More than 46 million Americans lack access to basic medical insurance, clogging our emergency rooms and driving up costs for those lucky enough to have coverage.Doyle has this exactly backwards. Our system is one in which the uninsured subsidize the insured.
Insurance companies negotiate discount prices with health care providers (including prices for emergency room visits) which is a perfectly rational strategy for maintaining a profitable business.
Providers, knowing that they will have to negotiate their prices with insurance companies, have an incentive to set their initial prices high so that they have room to maneuver and still cover their costs (and make a profit if they are a for-profit entity).
This drives up the initial price for all health care that is ever paid for by insurance, but insured patients do not pay the initial price. If, however, you happen to be one of the unlucky 46 million without insurance, guess which price you pay. That's right, the higher initial price-without a discount. That is not to say one couldn't try to negotiate their own discount, but this is a hit and miss prospect at best.
Through this system of distorted prices then, it is those without insurance that pay the highest prices, subsidizing those that have insurance coverage.
Regardless of where you fall on the spectrum of ideas about what our health care system ought to look like. Whether you are an advocate of single-payer universal coverage or you think that we should just give everybody a leech, a band-aid, and wish them luck, confronting the distorted prices that are a major characteristic of the way we pay for healthcare will be absolutely necessary if we ever hope improve the system.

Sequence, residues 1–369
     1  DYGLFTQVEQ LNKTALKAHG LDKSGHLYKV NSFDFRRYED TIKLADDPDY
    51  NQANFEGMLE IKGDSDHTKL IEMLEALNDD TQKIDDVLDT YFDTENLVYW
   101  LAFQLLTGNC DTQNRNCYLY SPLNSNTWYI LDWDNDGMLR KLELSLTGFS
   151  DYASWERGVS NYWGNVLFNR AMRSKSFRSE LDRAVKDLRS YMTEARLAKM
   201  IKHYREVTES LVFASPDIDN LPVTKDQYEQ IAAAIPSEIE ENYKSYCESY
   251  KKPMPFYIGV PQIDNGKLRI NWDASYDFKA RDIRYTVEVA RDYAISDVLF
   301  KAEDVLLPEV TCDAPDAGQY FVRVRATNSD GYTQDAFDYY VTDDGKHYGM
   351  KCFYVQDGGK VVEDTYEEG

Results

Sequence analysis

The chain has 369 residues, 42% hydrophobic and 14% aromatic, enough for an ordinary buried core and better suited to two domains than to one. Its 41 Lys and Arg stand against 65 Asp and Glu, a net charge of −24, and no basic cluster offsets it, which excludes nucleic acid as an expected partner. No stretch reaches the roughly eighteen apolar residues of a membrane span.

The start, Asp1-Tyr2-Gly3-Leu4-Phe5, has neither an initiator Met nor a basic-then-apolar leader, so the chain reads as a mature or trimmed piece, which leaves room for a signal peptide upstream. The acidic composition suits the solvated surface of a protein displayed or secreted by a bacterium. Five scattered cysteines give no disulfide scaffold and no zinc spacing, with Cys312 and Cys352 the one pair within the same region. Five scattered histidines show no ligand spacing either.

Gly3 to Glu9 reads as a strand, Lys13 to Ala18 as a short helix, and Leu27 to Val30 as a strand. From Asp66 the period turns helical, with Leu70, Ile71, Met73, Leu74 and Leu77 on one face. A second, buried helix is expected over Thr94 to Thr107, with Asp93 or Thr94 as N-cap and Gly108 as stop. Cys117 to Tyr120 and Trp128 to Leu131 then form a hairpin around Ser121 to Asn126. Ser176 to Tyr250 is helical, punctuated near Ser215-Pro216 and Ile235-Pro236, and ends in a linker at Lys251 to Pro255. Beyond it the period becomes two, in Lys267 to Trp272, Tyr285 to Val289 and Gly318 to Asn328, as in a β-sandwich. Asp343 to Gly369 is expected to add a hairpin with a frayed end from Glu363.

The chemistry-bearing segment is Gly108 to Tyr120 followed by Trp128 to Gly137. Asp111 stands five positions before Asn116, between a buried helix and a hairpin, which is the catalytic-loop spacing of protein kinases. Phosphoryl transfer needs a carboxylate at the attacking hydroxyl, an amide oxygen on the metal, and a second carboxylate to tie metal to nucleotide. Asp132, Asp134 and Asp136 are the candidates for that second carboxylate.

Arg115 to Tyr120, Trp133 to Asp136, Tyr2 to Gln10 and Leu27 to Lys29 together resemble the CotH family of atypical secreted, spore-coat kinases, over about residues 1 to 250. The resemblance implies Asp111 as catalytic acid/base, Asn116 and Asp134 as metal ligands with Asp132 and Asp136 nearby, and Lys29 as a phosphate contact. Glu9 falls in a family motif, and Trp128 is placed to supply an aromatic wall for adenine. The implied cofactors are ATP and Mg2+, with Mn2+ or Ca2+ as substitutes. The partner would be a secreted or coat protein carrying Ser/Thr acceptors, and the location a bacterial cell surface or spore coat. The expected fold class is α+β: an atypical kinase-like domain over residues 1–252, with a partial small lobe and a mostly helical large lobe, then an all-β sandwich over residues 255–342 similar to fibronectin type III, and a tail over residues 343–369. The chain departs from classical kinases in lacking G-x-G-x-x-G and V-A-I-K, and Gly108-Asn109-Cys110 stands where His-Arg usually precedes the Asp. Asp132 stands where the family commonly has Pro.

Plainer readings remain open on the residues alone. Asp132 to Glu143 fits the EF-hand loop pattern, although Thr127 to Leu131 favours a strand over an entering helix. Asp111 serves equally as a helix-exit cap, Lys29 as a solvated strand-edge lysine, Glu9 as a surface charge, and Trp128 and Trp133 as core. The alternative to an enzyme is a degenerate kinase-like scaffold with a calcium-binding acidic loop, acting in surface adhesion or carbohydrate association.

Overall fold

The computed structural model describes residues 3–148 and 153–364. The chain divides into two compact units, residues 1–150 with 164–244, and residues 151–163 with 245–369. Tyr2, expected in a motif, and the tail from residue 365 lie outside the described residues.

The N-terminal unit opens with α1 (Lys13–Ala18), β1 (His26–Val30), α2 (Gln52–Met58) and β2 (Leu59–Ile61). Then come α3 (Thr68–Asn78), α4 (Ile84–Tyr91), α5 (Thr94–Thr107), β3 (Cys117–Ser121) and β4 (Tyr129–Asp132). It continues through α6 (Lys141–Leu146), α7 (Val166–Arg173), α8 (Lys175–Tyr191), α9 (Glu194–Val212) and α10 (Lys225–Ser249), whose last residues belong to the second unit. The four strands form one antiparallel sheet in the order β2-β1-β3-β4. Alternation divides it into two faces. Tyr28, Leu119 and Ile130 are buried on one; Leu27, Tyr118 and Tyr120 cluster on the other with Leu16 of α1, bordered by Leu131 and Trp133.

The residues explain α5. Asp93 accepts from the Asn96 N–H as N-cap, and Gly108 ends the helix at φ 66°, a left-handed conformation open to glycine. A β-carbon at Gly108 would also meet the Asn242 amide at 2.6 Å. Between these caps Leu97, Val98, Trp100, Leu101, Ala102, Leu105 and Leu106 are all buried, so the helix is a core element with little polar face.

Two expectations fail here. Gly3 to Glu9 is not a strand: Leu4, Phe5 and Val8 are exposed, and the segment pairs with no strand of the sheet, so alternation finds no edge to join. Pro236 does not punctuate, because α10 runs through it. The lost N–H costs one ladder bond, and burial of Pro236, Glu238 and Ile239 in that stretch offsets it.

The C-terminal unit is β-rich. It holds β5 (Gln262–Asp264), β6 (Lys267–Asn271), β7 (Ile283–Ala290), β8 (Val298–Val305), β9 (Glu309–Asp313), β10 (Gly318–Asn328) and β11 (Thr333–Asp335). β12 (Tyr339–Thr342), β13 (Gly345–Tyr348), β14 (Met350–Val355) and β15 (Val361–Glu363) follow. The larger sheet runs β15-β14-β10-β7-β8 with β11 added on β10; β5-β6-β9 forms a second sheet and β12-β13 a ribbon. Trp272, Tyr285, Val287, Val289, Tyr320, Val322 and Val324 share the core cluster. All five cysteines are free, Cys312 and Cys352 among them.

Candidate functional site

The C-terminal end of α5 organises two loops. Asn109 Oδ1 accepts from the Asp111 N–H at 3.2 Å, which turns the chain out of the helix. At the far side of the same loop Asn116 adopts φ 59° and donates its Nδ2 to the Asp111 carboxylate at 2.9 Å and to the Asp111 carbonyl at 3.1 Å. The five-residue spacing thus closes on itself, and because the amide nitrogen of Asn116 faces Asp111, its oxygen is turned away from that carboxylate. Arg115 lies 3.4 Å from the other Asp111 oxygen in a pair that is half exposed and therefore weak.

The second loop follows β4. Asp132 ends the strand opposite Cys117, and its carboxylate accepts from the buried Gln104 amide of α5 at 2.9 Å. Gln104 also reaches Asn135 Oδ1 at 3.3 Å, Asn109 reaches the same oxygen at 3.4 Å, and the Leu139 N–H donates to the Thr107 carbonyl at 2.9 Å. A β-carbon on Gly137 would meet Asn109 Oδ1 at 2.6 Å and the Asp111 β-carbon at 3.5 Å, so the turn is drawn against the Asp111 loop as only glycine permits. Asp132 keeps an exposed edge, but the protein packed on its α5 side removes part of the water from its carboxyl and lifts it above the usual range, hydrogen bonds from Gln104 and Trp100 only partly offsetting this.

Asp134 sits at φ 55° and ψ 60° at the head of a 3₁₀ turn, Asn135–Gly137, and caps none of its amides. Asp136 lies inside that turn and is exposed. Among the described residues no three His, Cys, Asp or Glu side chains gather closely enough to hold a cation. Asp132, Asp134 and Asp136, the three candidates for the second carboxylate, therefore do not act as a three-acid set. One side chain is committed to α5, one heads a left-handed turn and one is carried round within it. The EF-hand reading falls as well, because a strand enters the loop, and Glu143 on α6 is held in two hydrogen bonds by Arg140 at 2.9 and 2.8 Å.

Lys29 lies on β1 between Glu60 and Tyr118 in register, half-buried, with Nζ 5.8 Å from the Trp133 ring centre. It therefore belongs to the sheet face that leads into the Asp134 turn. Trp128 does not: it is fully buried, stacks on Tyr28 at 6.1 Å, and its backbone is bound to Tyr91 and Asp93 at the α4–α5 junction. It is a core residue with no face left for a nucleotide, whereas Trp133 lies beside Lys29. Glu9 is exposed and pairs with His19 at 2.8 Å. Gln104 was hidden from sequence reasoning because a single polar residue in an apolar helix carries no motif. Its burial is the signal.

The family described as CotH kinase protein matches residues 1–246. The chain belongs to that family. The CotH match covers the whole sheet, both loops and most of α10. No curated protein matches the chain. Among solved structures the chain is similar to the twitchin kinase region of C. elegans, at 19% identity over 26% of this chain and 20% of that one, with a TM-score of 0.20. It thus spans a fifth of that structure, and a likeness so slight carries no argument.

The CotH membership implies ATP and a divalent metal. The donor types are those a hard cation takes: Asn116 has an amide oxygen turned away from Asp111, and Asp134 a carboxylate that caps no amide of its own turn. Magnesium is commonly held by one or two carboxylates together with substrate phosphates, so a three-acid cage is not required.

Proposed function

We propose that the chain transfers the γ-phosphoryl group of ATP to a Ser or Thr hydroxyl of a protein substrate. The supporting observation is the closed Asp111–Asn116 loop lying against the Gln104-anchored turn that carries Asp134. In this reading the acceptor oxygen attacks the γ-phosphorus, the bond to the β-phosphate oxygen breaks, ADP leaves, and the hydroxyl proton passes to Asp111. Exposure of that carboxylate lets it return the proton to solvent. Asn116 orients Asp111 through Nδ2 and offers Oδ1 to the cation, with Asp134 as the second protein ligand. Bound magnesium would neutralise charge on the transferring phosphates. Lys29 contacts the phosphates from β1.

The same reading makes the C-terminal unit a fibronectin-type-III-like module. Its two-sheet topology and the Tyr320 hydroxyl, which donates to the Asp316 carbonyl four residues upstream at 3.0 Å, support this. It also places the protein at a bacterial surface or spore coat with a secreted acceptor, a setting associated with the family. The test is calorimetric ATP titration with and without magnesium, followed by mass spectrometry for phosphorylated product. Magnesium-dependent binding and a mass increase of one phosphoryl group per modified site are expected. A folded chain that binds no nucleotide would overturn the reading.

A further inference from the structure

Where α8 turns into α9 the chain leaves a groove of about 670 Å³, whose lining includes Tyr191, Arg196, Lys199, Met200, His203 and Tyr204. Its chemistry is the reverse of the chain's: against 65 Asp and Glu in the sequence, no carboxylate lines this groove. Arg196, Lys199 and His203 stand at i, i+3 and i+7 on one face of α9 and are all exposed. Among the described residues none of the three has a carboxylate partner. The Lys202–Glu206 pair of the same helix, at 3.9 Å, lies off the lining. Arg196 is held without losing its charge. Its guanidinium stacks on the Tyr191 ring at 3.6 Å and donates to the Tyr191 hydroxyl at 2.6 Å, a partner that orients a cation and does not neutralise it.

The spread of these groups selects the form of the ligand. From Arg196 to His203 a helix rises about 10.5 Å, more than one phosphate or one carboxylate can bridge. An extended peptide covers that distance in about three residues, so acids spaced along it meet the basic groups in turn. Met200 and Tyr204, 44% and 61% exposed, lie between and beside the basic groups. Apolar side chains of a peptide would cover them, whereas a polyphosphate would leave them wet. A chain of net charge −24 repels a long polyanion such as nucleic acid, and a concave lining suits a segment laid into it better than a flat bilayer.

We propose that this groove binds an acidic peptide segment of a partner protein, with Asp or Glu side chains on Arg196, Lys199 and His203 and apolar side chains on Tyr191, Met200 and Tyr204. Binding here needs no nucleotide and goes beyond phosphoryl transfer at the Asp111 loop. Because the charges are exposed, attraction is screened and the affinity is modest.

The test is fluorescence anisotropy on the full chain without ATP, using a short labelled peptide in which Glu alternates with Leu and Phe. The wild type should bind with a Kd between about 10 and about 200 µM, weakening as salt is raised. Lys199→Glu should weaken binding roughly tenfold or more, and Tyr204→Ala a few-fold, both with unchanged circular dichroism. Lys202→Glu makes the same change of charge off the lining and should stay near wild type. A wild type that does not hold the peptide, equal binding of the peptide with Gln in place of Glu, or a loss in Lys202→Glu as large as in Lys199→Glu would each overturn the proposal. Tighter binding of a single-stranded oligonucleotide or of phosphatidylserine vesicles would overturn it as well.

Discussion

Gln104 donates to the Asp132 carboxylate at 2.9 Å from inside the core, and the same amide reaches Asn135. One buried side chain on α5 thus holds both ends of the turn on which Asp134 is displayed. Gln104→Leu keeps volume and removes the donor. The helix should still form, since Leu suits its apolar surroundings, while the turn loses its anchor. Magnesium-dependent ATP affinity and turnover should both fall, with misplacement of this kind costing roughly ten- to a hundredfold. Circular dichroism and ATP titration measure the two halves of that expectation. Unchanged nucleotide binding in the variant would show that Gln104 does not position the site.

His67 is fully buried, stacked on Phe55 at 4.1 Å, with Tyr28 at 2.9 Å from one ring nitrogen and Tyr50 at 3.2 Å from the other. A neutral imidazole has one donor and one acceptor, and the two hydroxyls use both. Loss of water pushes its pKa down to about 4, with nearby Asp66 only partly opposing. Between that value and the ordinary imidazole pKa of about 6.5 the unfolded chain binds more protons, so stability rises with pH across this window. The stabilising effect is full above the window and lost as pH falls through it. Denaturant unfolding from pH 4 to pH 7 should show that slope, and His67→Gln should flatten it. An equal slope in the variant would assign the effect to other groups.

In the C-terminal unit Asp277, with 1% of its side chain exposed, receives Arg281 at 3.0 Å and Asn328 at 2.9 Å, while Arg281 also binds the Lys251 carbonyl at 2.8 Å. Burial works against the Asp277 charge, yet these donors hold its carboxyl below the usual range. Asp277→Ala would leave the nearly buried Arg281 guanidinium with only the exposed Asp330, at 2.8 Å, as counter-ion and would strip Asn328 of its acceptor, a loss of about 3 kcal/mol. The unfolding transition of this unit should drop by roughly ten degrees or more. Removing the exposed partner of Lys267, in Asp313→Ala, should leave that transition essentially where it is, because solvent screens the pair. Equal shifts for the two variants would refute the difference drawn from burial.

There is also a price distortion which results from Medicare and Medicaid reimbursement rates being less than provider costs. Providers then work to shift these costs on to those with private insurance and those that pay for medical care themselves (that is, the uninsured). This represents a hidden additional cost of Medicare and Medicaid. A cost that is above and beyond the payroll taxes which are collected to pay for these programs. See health care economist Uwe Reinhardt's comments on this episode of NPR's Fresh Air.